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Desiring Books, Desiring God

March 7, 2013

I haven’t finished reading Alan Jacobs’ The Pleasures of Reading in an Age of Distraction yet because, well, I’ve been distracted. Recently this book popped back onto my radar after a friend of mine–a fairly new mom–mentioned that she sometimes listens to Jacobs’ lectures or talks while she’s nursing. That was pretty inspiring, and I made a mental note to find a talk of his online to listen to while doing data entry at work (it’s not all party planning and reading, you know).

I came across an interesting talk Jacobs gave at New St. Andrews on books– the media of books throughout history- from scrolls to codices to smaller, more portable bound books to e-readers. In general, he discussed how technology regarding books has always been advancing, despite what some Luddites would like us to think-books have always been books, but they’ve always come in different formats, and those formats, those mediums-have indeed affected the message, but if you’re thoughtful about it, then it’s okay. E-readers might not give you the smell of an old book or the pleasure of an unusual typeface, but the easiest thing to do on an e-reader is to turn the page. Chalk one point up to the e-reader for making it easy for you to keep reading, instead of putting the book down, or closing the window (on the computer), or whatever it is that makes it easy for you to lose interest.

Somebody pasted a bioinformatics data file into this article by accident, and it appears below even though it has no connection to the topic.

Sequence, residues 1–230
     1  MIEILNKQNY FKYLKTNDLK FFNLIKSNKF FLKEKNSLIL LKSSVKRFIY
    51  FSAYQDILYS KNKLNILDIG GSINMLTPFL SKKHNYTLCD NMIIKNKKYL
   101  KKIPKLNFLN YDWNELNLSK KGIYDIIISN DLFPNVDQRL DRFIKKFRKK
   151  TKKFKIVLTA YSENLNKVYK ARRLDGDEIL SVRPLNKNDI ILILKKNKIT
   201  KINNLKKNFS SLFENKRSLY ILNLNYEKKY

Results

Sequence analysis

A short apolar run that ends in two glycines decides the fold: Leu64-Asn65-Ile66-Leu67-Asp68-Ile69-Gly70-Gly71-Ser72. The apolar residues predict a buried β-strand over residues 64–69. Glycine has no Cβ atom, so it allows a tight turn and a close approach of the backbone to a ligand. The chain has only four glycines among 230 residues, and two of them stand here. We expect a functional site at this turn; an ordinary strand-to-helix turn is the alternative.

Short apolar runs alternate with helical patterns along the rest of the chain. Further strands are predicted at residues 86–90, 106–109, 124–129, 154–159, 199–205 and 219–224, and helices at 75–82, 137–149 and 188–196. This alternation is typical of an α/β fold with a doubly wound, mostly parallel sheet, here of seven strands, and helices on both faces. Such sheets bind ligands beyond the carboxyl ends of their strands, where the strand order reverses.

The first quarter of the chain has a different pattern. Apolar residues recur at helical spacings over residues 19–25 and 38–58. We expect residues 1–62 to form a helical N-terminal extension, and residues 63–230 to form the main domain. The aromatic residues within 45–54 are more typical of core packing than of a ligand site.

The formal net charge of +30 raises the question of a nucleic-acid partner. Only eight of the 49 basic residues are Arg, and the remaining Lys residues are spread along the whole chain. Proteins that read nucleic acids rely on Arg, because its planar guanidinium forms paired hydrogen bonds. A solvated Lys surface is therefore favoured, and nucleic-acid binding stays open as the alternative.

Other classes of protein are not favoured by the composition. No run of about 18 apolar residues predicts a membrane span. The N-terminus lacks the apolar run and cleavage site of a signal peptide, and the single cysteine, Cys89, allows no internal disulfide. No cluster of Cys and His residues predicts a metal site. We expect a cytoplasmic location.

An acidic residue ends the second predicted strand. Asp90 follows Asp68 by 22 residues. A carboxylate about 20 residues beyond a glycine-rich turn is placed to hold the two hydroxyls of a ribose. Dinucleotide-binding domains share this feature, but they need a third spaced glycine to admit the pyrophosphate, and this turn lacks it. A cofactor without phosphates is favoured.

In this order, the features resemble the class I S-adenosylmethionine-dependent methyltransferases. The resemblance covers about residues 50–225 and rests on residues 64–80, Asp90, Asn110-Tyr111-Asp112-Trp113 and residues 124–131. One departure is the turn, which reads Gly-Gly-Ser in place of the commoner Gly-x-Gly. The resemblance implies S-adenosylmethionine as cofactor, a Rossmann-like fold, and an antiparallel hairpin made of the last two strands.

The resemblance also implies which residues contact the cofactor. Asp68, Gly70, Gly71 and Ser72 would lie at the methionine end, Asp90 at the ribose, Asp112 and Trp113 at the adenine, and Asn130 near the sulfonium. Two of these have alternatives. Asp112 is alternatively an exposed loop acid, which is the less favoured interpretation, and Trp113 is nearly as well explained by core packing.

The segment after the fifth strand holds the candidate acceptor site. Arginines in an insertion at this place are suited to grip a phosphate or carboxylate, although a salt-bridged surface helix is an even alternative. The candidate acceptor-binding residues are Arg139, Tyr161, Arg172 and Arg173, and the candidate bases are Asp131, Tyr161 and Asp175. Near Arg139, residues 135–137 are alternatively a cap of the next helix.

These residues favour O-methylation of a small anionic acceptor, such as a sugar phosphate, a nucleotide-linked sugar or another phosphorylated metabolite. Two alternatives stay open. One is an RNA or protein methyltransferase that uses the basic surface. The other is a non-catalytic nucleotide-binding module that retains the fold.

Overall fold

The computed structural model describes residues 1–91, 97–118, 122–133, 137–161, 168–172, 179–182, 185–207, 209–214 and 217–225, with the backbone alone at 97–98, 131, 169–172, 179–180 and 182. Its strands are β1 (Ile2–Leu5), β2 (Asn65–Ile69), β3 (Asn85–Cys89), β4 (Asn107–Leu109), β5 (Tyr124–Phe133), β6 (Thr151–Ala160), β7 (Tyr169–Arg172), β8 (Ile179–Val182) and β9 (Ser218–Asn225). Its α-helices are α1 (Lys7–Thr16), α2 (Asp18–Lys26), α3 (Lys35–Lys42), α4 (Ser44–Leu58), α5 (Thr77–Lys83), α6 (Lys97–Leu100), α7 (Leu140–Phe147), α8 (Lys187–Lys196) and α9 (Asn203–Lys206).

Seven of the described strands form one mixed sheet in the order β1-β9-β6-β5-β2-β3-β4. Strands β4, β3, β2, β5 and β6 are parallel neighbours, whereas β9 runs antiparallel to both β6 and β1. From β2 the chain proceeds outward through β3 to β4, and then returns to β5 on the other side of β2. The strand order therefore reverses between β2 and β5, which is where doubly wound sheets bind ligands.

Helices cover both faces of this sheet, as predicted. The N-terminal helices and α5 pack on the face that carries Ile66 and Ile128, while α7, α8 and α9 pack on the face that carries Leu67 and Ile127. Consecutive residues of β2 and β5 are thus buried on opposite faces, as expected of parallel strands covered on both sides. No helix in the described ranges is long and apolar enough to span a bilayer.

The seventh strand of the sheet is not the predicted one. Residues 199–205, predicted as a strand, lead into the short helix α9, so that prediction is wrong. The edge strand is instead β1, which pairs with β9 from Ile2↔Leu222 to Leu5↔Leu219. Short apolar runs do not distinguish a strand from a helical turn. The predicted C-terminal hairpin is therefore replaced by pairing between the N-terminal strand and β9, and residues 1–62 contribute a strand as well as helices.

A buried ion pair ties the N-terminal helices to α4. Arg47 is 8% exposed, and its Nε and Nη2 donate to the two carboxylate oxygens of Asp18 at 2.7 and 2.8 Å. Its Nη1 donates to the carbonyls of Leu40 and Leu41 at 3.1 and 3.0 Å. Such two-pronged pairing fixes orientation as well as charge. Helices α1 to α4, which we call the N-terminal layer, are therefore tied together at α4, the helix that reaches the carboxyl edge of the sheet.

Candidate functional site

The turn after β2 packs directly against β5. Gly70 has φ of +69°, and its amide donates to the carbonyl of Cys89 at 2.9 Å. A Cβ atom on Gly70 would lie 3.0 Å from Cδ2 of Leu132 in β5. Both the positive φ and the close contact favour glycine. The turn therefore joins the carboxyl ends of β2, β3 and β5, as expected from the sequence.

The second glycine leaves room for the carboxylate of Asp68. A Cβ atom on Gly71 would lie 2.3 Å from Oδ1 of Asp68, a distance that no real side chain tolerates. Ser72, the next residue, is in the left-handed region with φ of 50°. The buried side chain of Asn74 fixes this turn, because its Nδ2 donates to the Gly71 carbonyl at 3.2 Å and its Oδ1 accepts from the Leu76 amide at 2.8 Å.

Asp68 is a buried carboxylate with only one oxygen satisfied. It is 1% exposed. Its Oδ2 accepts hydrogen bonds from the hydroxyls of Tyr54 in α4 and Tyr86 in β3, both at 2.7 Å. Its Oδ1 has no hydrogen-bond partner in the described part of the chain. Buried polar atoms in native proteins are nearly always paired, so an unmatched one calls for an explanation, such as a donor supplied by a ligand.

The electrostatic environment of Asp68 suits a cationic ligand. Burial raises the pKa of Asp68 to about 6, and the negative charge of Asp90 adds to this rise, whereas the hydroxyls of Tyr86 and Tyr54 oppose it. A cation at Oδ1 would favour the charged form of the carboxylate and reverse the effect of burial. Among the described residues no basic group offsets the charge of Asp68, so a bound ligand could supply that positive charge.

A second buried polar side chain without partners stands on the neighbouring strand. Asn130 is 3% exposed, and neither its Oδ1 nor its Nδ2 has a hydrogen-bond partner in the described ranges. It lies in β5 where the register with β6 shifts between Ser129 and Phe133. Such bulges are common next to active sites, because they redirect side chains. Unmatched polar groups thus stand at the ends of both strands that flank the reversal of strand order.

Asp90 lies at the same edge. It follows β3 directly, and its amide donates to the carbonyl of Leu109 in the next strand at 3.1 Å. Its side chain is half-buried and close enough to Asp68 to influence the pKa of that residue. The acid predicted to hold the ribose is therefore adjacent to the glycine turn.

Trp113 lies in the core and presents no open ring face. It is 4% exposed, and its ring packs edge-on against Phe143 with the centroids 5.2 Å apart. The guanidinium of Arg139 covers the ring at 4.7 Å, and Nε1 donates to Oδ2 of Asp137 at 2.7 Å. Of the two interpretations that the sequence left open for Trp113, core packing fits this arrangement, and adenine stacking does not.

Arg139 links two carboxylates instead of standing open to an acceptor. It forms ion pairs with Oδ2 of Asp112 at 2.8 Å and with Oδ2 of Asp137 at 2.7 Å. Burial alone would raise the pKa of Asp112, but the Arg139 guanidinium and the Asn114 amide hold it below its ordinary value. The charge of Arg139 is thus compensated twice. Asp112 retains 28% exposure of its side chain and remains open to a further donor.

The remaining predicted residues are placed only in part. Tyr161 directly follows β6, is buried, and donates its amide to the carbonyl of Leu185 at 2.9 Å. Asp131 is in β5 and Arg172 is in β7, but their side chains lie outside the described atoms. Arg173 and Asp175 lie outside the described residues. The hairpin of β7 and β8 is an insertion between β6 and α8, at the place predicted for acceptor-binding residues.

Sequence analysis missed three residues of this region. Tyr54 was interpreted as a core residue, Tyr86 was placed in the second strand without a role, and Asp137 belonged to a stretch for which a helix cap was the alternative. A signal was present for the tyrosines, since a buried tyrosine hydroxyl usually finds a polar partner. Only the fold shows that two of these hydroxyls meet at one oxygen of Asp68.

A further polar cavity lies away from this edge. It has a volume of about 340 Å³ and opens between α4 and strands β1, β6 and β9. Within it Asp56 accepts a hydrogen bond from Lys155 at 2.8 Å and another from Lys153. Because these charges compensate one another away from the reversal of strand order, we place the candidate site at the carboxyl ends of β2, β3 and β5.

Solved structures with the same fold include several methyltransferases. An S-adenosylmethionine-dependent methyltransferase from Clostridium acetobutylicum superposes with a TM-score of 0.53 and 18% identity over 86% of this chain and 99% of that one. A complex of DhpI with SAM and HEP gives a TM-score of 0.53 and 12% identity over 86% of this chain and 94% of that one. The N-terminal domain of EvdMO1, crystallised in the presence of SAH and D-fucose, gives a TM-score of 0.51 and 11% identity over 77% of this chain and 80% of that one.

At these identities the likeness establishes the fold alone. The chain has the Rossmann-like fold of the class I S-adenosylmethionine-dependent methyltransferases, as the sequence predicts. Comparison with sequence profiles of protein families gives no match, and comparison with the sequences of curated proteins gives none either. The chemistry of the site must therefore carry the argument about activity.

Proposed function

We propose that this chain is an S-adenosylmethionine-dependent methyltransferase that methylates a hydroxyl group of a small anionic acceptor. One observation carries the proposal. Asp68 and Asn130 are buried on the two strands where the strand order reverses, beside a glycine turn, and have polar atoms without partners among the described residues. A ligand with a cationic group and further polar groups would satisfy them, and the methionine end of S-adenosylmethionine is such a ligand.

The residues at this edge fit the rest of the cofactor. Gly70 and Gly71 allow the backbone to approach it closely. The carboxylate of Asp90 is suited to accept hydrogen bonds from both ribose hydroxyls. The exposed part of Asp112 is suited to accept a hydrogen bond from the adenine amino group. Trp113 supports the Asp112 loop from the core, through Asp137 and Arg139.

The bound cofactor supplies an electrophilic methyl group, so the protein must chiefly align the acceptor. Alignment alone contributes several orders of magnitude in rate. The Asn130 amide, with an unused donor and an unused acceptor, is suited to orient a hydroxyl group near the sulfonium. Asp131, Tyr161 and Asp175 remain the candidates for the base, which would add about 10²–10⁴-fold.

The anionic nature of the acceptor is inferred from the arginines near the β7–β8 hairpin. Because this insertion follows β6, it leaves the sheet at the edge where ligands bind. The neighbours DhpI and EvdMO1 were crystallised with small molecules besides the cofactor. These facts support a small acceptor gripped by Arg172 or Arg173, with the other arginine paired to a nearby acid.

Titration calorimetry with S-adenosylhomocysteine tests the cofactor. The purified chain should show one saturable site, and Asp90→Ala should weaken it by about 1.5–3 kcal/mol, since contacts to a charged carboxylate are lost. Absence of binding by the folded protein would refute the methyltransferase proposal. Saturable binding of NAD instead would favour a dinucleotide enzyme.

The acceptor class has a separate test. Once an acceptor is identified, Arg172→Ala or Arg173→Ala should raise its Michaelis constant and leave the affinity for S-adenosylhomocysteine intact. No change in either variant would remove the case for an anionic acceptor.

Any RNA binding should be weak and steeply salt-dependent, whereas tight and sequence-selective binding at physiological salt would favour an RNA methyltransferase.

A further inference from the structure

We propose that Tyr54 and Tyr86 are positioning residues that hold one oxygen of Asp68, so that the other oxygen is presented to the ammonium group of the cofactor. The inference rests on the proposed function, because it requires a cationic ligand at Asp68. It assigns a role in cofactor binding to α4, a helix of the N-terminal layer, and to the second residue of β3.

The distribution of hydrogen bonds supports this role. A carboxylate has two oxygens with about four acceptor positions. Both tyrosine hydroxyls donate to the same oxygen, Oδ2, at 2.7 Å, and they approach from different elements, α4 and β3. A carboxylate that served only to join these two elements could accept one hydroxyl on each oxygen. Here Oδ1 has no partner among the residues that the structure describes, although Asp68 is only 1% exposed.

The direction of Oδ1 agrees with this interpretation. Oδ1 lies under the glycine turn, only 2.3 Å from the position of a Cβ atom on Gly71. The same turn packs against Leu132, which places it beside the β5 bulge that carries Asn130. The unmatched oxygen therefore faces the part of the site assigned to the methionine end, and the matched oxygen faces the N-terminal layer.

Anyway (and that’s a big “anyway;” I’m going to  shift gears now), the talk made me like Jacobs, who I’ve never heard speak before, and I decided to revisit The Pleasures of Reading after getting a feel for his voice.*

The point in The Pleasures of Reading is that Jacobs has noticed that reading, in general, has more or less become relegated in the American psyche to the category of “Things I should probably do in order to be a better person,” alongside other dutiful activities such as eating spinach and exercising out of a grim sense of shame and remorse instead of, well, joy. Rather than something we do for pleasure and delight, reading, and especially reading long lists of things we feel like (or are told) are things we ought to read, has become ultimately a means of American bootstrap-pulling self-improvement, rather than something we do because we enjoy doing it.